I cut out the door for the cabinet, used part of a gold-coloured plastic egg for the handle, and made another piece of cardboard the frame for the iPad.
I then laser-cut the name on some scrap MDF that was in the laser scrap pile. I was going to use a tiny piece of neon green acrylic, but it was too little to really show it off.
Chuck the rest of the mylar in the box to make it shine and add in the can of Spam.
My talk is titled “You Are Not A Precious Snowflake: Document Your Work”. I’ll get into why you should document, what makes it good for you (and other people), and easy ways to get started. Plus ancient complaints, lost gold mines, and, for once, no Elmer McCurdy.
(It was touch and go on that last bit. He might pop up.)
Samathy Barratt is talking about algorithms and caching, so if you’re hoping for good techie talk, she’s definitely going to bring the code. I’m going to bring the soft skills, and I think it’ll be a really nice combination.
I’ll put the slides and my notes up here afterwards, so you don’t have to worry about missing it if you’re not in Nottingham, but if you are, it’d be nice to see you.
I don’t really know any languages, but there is one language that I love playing with.
There’s even a web version, so you can make quick and easy graphs in like seconds.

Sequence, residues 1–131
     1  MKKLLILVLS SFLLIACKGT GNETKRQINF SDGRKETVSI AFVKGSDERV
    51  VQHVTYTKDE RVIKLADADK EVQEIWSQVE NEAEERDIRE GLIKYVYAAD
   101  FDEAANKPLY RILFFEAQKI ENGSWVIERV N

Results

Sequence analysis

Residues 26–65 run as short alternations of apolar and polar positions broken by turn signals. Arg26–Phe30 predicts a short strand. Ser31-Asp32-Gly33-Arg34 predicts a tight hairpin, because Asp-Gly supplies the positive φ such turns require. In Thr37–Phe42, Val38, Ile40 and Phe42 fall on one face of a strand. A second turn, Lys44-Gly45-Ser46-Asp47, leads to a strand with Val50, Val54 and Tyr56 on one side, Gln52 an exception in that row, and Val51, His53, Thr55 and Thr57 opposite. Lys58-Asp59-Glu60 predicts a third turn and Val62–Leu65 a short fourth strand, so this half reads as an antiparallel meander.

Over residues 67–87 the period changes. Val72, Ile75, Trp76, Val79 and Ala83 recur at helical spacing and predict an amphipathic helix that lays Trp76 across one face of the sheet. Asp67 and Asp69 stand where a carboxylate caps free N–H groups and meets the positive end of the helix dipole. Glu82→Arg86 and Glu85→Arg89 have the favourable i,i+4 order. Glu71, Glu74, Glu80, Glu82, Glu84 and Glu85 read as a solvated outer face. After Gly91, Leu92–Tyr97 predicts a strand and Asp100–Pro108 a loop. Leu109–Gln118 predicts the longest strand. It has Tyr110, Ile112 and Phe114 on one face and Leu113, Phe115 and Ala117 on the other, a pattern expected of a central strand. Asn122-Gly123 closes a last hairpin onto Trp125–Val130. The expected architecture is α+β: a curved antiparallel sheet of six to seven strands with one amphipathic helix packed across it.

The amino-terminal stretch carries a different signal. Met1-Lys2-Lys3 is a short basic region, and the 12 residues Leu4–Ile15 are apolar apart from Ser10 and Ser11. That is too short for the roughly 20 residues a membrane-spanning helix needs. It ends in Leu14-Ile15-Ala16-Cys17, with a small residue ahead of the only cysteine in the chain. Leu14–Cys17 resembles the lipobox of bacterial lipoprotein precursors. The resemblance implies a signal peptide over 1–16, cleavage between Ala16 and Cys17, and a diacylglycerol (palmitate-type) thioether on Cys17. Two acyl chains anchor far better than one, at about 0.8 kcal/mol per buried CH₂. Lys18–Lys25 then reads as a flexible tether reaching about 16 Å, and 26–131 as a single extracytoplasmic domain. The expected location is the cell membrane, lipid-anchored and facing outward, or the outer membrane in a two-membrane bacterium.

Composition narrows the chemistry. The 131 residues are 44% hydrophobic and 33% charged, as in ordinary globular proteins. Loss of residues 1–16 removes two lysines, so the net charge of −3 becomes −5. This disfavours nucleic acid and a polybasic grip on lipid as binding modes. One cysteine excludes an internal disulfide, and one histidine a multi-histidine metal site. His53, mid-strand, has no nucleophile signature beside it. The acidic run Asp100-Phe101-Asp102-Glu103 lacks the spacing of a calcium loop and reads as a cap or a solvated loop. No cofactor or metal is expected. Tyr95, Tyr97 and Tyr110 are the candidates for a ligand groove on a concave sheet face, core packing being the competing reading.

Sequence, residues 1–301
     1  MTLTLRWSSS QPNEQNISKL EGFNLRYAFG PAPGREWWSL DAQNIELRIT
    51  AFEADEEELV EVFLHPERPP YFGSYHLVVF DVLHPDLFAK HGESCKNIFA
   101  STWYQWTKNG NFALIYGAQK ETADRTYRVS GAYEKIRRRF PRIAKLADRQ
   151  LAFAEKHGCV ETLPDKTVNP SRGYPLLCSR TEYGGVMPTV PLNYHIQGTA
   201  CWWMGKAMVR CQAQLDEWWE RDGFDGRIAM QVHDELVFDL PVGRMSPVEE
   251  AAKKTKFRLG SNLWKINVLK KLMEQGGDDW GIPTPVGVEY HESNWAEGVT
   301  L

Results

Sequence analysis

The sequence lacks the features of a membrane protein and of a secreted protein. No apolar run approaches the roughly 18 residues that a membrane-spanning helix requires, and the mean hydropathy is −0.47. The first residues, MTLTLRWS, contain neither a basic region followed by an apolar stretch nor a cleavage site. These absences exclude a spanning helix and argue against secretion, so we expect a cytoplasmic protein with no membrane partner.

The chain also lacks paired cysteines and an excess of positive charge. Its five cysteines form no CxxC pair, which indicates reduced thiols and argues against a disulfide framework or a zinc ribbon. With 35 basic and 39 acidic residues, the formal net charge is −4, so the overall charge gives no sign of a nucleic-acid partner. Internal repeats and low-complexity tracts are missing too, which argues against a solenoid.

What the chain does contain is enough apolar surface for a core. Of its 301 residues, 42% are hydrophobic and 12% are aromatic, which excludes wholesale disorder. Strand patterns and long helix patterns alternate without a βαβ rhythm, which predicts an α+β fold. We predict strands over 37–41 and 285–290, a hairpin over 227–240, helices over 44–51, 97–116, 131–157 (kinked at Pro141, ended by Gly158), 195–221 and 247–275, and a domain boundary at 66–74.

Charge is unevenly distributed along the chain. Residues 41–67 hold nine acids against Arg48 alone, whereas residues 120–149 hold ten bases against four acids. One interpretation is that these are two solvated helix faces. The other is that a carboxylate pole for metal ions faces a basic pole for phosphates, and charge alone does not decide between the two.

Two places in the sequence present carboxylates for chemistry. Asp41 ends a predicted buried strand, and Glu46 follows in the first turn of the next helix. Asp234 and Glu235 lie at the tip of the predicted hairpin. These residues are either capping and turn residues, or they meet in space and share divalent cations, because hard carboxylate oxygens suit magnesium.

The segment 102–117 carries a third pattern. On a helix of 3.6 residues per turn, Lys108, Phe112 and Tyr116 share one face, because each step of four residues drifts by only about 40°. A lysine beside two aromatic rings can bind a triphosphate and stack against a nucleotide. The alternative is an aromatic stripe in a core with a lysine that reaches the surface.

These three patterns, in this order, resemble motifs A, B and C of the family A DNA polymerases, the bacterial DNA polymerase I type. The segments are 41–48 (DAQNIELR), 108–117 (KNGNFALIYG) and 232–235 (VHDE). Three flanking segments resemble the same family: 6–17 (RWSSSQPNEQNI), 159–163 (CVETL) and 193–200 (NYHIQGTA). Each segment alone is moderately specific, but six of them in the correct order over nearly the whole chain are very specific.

I like using it for flowcharts. This is one I did for people donating stuff to my local local hackspace:
But this isn’t all I do with GraphViz, even though flowcharts are so much fun and easy and beautiful and I love them.
I also obsessively play The Sims 4. Obsessively. Like, whenever I’m bored and boring and just want something to do, I play Sims.
I also like doing legacies, where I stick with a family and just keep going with them through births, marriages, deaths, pets, new jobs, whatever. I start with a single woman, she ends up with a townie, it goes on and on and on and then the next thing I know…
I’m on my 14th generation with my current family.
This is Lyric Marshall. She’s a young adult, working as a sous chef, living in a nice house in Strangeville. Pretty laid back, likes to cook, has a toddler, a cat, and a small dog.
This is Cherish Marshall. She’s the toddler and she’s the 14th generation of Marshalls. She’s green, because her father’s an alien.
So how does my obsessive playing of the Sims match up with my love of GraphViz?
Well, like this:
Ovals are Marshalls and octagons are townies. The colours are unnatural skin colours. As you can see, there are blue aliens and green aliens and then it gets paler the further down you get.
Yeah, okay, there’s a bit of crossing the streams, but that’s also because I like to know whether or not alien genetics change depending on whether or not you’re a blue alien or a green alien. Also, apparently, once you hit second cousins or first cousins once removed, you can totally have kids together. Before that, you’re too related.
This is just the direct descendants too, tracing up from Cherish all the way to Clare.
This is how the family actually is:
Big families! A whole family of vampires (who are diamonds)! So many lines! Lines lines lines!